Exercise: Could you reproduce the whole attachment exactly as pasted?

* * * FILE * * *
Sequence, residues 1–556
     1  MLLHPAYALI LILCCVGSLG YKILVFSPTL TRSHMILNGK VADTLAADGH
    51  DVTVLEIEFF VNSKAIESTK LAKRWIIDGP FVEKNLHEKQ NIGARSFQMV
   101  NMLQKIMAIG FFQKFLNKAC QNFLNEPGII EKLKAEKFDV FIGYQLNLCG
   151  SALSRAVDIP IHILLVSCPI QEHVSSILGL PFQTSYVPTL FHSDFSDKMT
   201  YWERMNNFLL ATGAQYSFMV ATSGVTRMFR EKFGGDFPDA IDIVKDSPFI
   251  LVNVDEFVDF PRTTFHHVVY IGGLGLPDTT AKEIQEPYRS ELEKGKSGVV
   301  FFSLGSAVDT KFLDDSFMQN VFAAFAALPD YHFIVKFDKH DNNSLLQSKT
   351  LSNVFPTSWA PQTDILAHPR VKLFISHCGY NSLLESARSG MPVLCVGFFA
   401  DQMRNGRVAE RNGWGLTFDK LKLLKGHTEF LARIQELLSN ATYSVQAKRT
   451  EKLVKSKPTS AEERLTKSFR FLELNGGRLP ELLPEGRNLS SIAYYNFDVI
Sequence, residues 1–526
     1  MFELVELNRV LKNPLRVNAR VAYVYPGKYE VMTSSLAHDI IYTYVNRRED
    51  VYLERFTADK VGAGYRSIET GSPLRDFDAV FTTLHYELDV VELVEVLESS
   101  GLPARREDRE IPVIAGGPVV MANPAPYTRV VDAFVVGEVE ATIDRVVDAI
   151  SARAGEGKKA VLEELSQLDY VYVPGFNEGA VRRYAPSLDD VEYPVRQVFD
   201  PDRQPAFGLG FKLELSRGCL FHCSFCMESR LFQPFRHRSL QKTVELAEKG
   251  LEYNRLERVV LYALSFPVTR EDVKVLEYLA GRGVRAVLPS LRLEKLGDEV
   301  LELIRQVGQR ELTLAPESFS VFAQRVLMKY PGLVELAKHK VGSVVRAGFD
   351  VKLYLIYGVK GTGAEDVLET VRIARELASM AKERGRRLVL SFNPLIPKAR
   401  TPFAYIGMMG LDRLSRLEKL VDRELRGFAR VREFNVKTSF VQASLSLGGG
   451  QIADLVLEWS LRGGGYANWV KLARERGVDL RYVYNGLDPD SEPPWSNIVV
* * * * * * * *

Sequence, residues 1–556
     1  MLLHPAYALI LILCCVGSLG YKILVFSPTL TRSHMILNGK VADTLAADGH
    51  DVTVLEIEFF VNSKAIESTK LAKRWIIDGP FVEKNLHEKQ NIGARSFQMV
   101  NMLQKIMAIG FFQKFLNKAC QNFLNEPGII EKLKAEKFDV FIGYQLNLCG
   151  SALSRAVDIP IHILLVSCPI QEHVSSILGL PFQTSYVPTL FHSDFSDKMT
   201  YWERMNNFLL ATGAQYSFMV ATSGVTRMFR EKFGGDFPDA IDIVKDSPFI
   251  LVNVDEFVDF PRTTFHHVVY IGGLGLPDTT AKEIQEPYRS ELEKGKSGVV
   301  FFSLGSAVDT KFLDDSFMQN VFAAFAALPD YHFIVKFDKH DNNSLLQSKT
   351  LSNVFPTSWA PQTDILAHPR VKLFISHCGY NSLLESARSG MPVLCVGFFA
   401  DQMRNGRVAE RNGWGLTFDK LKLLKGHTEF LARIQELLSN ATYSVQAKRT
   451  EKLVKSKPTS AEERLTKSFR FLELNGGRLP ELLPEGRNLS SIAYYNFDVI
Sequence, residues 1–526
     1  MFELVELNRV LKNPLRVNAR VAYVYPGKYE VMTSSLAHDI IYTYVNRRED
    51  VYLERFTADK VGAGYRSIET GSPLRDFDAV FTTLHYELDV VELVEVLESS
   101  GLPARREDRE IPVIAGGPVV MANPAPYTRV VDAFVVGEVE ATIDRVVDAI
   151  SARAGEGKKA VLEELSQLDY VYVPGFNEGA VRRYAPSLDD VEYPVRQVFD
   201  PDRQPAFGLG FKLELSRGCL FHCSFCMESR LFQPFRHRSL QKTVELAEKG
   251  LEYNRLERVV LYALSFPVTR EDVKVLEYLA GRGVRAVLPS LRLEKLGDEV
   301  LELIRQVGQR ELTLAPESFS VFAQRVLMKY PGLVELAKHK VGSVVRAGFD
   351  VKLYLIYGVK GTGAEDVLET VRIARELASM AKERGRRLVL SFNPLIPKAR
   401  TPFAYIGMMG LDRLSRLEKL VDRELRGFAR VREFNVKTSF VQASLSLGGG
   451  QIADLVLEWS LRGGGYANWV KLARERGVDL RYVYNGLDPD SEPPWSNIVV